Create a Sexual Health Education Strategy for the Yukon that supports all community members to be part of raising a generation that does not know gender-based violence. Focus on supports and education initiatives for young men and boys and their role in ending violence against women, trans, non-binary, two-spirit, intersex and agender folks. Ensure adequate funding for community organizations to implement this work across all communities.

What is the challenge?

Gender-based violence is, at its core, a men’s issue. Cis men are the perpetrators of most violence against everyone. This does not mean that masculinity itself, or male bodies, are inherently violent. It means that our society teaches people in male bodies to interact with the world in entitled and violent ways. We need to stop asking ourselves why so many women, trans, non-binary, two-spirit, intersex and agender folks experience violence, and start asking why do so many cis men commit violence?

Gender based violence follows a very specific playbook. There are steps that almost every abuser takes, and they always follow the same pattern. This playbook looks the same regardless of who is abusing (male, female, trans, cis, queer, heterosexual), and who is being abused. So where are people learning to abuse? Most people who commit violence are not waking up with a plan to be abusive – they didn’t buy a book and follow a 12-step guide to how to isolate and demean someone.  The playbook is societal conditioning – it is the media we take in, the relationships we watch play out every day from the day we are born, the gender scripts that govern how people around us live and behave as men or women, or outside of this gender binary. This playbook is based in misogyny, in patriarchy, in white supremacy – it is a playbook that priorities the pleasure, entitlement, and supremacy of cis white males, and it is why they are most often the perpetrators of violence.

Gender scripts and this relationship playbook are embedded in our subconscious and they color how we see the world and how we expect people to engage with us. This can no longer be an excuse. We have to do better. We all, but cis boys and men especially, must start to explore and understand the gender scripts that affect how we think about and treat women, trans, non-binary, two-spirit intersex and agender folks. It is only by undoing these gender scripts that we can start to address why men use violence.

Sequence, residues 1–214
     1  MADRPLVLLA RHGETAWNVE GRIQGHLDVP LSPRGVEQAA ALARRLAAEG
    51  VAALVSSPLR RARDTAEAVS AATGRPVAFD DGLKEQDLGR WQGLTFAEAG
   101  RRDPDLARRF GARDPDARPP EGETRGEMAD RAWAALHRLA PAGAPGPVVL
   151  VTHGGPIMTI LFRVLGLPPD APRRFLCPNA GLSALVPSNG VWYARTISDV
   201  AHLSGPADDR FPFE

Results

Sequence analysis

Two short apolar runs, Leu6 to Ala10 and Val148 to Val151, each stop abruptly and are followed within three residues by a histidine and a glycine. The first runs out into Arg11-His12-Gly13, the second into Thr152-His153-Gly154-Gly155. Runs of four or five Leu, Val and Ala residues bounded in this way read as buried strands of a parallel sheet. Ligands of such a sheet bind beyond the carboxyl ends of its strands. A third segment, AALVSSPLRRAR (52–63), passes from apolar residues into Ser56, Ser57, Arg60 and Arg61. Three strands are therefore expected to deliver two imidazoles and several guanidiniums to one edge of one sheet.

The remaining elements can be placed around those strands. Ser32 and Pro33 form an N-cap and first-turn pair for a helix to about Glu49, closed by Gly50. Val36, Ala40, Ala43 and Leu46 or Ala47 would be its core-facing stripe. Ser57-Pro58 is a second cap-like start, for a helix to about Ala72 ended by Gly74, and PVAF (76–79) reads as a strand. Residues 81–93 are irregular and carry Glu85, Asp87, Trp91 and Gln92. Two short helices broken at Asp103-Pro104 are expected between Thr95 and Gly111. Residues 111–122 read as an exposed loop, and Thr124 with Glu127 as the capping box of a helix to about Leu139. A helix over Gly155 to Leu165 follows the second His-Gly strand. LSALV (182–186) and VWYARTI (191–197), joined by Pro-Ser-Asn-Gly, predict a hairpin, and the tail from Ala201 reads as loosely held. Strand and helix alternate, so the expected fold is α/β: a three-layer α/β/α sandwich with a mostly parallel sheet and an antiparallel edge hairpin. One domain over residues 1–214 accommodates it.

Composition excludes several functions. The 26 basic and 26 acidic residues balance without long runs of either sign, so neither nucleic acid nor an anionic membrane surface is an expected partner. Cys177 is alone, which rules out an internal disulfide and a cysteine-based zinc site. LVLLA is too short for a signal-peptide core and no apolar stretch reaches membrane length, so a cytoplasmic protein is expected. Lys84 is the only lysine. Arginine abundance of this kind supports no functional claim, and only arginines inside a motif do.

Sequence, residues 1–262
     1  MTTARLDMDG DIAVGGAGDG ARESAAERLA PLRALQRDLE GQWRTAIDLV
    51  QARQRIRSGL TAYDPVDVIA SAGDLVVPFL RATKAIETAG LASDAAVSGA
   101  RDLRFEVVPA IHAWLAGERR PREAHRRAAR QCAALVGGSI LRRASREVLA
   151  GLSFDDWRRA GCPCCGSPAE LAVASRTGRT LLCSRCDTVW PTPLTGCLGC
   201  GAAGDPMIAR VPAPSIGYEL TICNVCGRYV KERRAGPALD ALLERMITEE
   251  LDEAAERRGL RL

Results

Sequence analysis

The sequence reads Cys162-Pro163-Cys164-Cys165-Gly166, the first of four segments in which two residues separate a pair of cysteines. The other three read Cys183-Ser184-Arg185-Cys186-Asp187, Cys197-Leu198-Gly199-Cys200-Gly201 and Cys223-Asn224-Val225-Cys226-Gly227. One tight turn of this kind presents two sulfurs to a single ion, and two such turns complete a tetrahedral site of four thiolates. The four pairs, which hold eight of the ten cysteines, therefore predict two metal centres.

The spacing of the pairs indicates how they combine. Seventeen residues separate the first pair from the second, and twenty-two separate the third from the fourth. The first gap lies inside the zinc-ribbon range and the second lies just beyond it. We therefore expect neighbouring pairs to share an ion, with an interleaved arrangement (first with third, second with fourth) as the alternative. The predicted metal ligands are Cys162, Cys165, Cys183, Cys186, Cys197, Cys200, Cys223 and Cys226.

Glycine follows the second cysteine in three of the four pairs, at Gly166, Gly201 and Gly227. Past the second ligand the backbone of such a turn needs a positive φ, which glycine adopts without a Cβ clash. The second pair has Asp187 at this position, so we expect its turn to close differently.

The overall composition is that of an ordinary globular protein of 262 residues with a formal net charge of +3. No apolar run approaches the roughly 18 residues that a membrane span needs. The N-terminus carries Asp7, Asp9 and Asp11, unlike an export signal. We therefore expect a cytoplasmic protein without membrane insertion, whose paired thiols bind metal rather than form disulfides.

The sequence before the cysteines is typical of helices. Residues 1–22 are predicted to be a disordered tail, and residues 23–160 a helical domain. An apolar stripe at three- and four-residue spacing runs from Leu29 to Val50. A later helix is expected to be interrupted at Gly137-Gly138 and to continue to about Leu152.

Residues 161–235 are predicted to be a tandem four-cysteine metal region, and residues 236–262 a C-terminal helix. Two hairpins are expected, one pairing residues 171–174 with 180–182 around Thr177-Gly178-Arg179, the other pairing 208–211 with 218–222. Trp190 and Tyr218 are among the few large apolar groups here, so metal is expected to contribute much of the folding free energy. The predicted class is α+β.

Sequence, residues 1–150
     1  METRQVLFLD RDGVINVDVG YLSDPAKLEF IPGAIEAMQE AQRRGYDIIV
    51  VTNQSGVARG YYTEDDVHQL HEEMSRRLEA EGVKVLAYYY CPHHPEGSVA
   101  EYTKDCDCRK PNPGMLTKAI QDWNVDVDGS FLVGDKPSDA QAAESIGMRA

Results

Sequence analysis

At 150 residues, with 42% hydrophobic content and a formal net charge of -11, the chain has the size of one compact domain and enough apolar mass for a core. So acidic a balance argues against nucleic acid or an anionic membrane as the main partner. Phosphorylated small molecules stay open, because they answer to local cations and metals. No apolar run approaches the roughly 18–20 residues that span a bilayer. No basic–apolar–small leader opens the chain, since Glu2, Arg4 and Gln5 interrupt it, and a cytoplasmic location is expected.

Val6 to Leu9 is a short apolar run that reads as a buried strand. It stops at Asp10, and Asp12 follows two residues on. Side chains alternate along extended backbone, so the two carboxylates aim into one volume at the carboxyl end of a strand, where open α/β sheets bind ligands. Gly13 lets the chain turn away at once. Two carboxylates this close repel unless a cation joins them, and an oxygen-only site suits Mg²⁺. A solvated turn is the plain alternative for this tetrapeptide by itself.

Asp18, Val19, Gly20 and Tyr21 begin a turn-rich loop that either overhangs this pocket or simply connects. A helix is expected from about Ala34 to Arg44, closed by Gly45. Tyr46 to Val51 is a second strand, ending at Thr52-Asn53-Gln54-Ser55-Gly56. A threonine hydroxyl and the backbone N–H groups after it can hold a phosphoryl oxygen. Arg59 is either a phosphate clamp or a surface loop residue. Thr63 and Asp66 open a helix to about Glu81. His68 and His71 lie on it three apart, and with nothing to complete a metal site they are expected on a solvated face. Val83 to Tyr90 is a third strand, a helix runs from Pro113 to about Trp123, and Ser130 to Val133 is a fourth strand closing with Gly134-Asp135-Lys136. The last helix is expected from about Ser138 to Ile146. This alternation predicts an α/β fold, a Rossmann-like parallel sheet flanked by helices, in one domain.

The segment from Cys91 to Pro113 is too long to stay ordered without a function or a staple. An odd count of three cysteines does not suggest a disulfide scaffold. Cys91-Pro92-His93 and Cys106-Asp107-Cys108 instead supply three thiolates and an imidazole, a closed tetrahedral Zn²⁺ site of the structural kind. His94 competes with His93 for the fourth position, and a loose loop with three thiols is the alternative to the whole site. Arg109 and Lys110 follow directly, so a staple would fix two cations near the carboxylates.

Gender scripts are taught in our day-to-day life. In order to disrupt them we must make conscious efforts to talk about and pull apart the scripts that guide our behaviour. Comprehensive sex education is one place that we can have these conversations.

In the Yukon, sex education is built into the school curriculum and there are some supports within Yukon government established for teachers to offer the material. In practice though sex education is not consistently taught across schools and classrooms in the Yukon and it is far from what can be defined as comprehensive sexuality education.

We hear from students regularly that sex education is not taught consistently, focuses on reproduction and STIs only and doesn’t cover consent, healthy relationships, and identity, it does not cover safe sex for 2SLGBTQQIA youth, it’s not always taught in culturally relevant ways for Indigenous youth and it is not well taught to neurodivergent kids or kids with disabilities.

Currently there are no advocacy groups active in the Yukon where men get engaged in preventing and ending violence against women and there are a few sporadic attempts at creating group spaces for men and boys to explore what healthy masculinity is and can be, and what feminism means for men.

We must do better, in our schools and in our communities. This means:

  • Creating a comprehensive sexual health education strategy within our schools and youth spaces across the Yukon that has tailored supports for teachers and adult role models to tackle these topics with confidence, that is cultural relevant and addresses the unique needs of 2SLGBTQQIA+ students. Co-develop this plan with leadership from youth and equity seeking organizations.
  • Fostering the creation of and funding sustainable and ongoing efforts to engage young men and boys in conversations about healthy masculinity.
  • Supporting parents and families to have these conversations at home.


  • Call on the government to create a comprehensive sexual health education strategy for the Yukon.
  • Start having conversations at home – see the resources below. You can be part of breaking gender scripts. Break the taboo and learn how to tackle these conversations with confidence.
  • Talk to your child’s teacher to find out what sex ed curriculum is being covered in their class.